I have watched church life throughout the forty years since I came to the faith in 1973. After I joined Bracknell Baptist Church in 1975 (where those two grads made their first appearance in 1978), I have seen people come and go. I have watched young grads marry and raise families. I have also watched, and pitied an elderly single female who was overweight and wore glasses, now deceased, who would at every prayer meeting, cry to the Lord to give her a man to love her and to love in return. She once stormed out of the evening service in tears one Sunday in 1978, when one male grad stood up at the front to announce his engagement. Then there were the annual conventions, or Bible festivals, such as the Dales, the Downs, Spring Harvest, then later Stoneleigh, now Newday and Westpoint, all Bible festivals where believers from across the nation gathered for - if I dare to say - a huge party with a "religious" flavour. Then they return to their churches as if little had changed among them.

Someone in our church once had a vision during one Sunday evening service. It was that of a waterfall cascading from a height, and floating along the surface of the turbulent river were the letters which spelt, Oh you English. The vision spoke a lot. We as a nation adore the Royal Family, worship the celebrity, believe in a strict social class system, and each individual is evaluated by his looks, education level, social status, and type of occupation, and even a level of racism. The contrast of welcome between the two arrivals in 1978 says it well, where appearance made the difference.  And sadly, this weekend we felt as we were fobbed off by the Medics while at hospital, something no doctor in his right mind would even consider doing to a member of the Royal family.

My wife Alex had, so I was told by the doctor, sprained her back, and is now incapable of walking. She was quickly discharged. Come to think of it, had it been Catherene, Duchess of Cambridge, with the same problem, she would have been admitted and days of tender care and attention lavished upon her. Instead, housebound, all Alex can do is lie down while I did everything else. We are both afraid of the future. Would I have to give up my full time work and become a house-husband? Does this also mean that she would spend the rest of her life in a wheelchair? Would I even face the prospect of widowhood, a source of terror for me? Would we have to cancel our coming holiday in Crete? And all paid for? Such fears are bolstered by the dreadful feeling of isolation. This weekend happened to be one without a service in our church, with many gone away to Westpoint Bible festival. When they return, it will be the same sort of thing, with John, for example, disliking me as ever, for demonstrating such abuse to his grandson!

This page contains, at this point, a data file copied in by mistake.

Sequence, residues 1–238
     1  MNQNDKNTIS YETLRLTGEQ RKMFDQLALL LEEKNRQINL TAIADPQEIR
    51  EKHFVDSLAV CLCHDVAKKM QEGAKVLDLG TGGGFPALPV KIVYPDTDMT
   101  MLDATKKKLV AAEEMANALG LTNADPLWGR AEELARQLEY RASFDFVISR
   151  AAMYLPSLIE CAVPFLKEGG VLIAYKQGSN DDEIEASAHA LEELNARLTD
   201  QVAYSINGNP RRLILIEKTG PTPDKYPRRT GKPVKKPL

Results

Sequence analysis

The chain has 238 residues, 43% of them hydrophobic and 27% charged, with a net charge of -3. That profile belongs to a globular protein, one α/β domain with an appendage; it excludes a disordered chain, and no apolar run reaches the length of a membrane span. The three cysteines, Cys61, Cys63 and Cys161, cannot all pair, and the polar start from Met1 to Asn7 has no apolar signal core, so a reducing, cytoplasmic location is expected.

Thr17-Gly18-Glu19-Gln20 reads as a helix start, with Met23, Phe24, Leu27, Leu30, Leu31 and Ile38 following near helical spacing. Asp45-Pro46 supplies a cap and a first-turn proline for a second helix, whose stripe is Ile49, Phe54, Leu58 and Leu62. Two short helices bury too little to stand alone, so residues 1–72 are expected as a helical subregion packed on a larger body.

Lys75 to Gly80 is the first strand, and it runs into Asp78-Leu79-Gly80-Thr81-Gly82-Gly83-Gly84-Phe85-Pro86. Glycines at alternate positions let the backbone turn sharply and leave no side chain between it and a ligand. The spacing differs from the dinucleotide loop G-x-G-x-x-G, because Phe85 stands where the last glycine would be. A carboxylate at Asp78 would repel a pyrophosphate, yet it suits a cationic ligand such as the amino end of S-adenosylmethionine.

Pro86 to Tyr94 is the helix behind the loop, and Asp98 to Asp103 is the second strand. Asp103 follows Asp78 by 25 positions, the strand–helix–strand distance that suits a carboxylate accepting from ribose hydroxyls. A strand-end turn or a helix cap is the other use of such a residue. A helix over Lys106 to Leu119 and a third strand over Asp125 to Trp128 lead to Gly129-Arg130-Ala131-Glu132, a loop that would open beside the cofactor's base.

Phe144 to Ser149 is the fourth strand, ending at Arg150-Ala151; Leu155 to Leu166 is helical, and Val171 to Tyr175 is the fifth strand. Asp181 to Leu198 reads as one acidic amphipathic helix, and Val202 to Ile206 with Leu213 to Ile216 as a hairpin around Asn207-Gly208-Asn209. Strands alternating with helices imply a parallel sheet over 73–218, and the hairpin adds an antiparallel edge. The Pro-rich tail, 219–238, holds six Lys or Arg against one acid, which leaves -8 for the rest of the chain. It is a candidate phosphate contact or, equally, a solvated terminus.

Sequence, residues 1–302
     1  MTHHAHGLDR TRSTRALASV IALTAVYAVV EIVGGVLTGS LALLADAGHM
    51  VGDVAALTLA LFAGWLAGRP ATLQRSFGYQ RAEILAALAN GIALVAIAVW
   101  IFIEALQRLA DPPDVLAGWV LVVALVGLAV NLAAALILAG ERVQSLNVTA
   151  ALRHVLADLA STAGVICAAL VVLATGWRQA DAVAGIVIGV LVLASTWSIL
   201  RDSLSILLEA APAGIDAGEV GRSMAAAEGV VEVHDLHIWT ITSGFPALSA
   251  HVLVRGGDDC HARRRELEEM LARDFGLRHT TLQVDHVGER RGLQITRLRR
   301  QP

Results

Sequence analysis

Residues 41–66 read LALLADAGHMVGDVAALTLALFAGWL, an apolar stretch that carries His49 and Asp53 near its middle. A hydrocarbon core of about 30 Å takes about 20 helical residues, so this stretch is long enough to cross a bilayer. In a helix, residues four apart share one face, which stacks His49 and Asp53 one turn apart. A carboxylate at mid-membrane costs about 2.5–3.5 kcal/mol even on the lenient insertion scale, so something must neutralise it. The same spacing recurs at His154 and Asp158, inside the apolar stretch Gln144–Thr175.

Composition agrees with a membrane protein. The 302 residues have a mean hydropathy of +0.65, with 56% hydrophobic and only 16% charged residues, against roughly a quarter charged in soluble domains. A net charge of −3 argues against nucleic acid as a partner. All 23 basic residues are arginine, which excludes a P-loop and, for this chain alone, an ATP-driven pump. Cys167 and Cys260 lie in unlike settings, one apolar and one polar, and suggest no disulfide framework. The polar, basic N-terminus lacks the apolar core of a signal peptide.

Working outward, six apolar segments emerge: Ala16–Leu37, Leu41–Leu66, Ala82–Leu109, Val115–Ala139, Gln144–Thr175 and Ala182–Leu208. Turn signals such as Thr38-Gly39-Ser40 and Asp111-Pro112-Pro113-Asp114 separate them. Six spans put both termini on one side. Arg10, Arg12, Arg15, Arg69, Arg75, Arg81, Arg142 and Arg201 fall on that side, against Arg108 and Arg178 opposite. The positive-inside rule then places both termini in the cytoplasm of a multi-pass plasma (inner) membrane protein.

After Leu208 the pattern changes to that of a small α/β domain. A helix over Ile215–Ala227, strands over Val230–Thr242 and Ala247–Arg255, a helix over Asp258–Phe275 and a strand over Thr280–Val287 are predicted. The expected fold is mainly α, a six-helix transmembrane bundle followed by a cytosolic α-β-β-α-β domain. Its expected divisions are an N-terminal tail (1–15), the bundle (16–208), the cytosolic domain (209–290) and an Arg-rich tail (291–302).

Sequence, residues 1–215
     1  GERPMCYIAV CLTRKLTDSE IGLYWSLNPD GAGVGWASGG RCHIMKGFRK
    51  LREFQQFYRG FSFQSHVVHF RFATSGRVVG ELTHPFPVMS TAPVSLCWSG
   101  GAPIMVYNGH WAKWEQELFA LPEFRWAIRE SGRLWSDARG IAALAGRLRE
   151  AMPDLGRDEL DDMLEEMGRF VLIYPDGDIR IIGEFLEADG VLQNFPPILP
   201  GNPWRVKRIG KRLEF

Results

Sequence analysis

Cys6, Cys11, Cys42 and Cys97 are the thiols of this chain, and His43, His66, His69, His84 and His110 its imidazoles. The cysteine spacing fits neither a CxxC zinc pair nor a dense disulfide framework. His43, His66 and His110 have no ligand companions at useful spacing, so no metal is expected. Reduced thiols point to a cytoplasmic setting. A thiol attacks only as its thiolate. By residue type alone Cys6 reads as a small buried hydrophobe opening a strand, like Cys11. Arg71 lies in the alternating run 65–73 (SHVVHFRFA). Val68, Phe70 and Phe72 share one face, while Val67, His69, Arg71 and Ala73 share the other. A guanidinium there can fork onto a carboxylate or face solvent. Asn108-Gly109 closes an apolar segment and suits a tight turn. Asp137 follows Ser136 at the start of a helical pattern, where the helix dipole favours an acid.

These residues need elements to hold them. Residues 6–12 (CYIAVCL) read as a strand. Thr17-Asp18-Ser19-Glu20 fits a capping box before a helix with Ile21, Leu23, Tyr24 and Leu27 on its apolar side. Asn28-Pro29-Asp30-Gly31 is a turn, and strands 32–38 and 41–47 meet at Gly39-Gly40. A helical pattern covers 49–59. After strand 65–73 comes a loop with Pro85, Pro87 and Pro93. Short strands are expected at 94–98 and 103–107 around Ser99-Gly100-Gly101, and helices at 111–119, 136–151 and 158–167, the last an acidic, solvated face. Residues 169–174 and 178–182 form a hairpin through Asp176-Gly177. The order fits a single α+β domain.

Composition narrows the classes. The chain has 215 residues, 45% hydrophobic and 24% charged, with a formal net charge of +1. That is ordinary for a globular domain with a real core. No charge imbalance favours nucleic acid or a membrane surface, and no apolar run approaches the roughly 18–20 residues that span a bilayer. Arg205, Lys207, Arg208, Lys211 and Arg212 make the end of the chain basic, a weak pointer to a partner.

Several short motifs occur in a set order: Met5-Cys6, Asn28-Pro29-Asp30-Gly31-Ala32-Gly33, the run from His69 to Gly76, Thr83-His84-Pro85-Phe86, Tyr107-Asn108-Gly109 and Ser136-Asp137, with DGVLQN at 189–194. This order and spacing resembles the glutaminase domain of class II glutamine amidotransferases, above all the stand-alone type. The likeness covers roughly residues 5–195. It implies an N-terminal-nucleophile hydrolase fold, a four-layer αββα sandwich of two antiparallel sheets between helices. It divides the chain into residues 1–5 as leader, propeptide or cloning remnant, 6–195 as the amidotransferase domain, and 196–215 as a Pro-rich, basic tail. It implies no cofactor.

Wow! Abuse? What actually did I get up to?
Did I sexually molest him?
No, I didn't.
Did I shout at him or say something negative?
No, not that either.
Did I hit him?
What coward would do such a thing?
Did I accidentally hurt him by, for example, tripping up while he was behind me?
No, that wasn't the case either.
Then what did I do?
As Facebook "friends" I half joked to John that his grandson should take up window cleaning, something I have done for more than thirty years. He immediately became indignant, "unfriended" me and blocked his profile out of viewing from both my wife and myself. Not long after, the boy himself was weary whenever I was around. Obviously, his grandad warned him that I posed a danger!

With no Ascot Life Church meeting this week, I decided to attend the Kerith Centre, the former Bracknell Baptist Church. After the end of the service, there was Geoff, now looking much older, talking to a steward. When he saw me approach to greet him, he rudely turned his back to me, and when he had finished his conversation, he made a quick getaway to the car park outside. Why this attitude I can only speculate. Both are English, both have stiff upper lips, and neither are courageous or willing enough to sort matters out with me, as Jesus Christ taught so clearly. True enough, these grand Bible festivals they attend may be impressive enough, but still leaves the nitty-gritty matters of daily and weekly church life unchanged.

Yet I see them as brothers in Christ. When John was away in Edinburgh, I said to his wife that I miss him being here in church. As one who believes in Eternal Security, I can't help feeling affection towards both these guys. The reason why my heart goes out to them is because the heart of Christ went out for me. Once-saved-always-saved sees the Lord Jesus Christ forever caring for those he gave himself to redeem. My prayer and longing wish is to enjoy a high level of friendship - not merely through Facebook - but on a personal basis.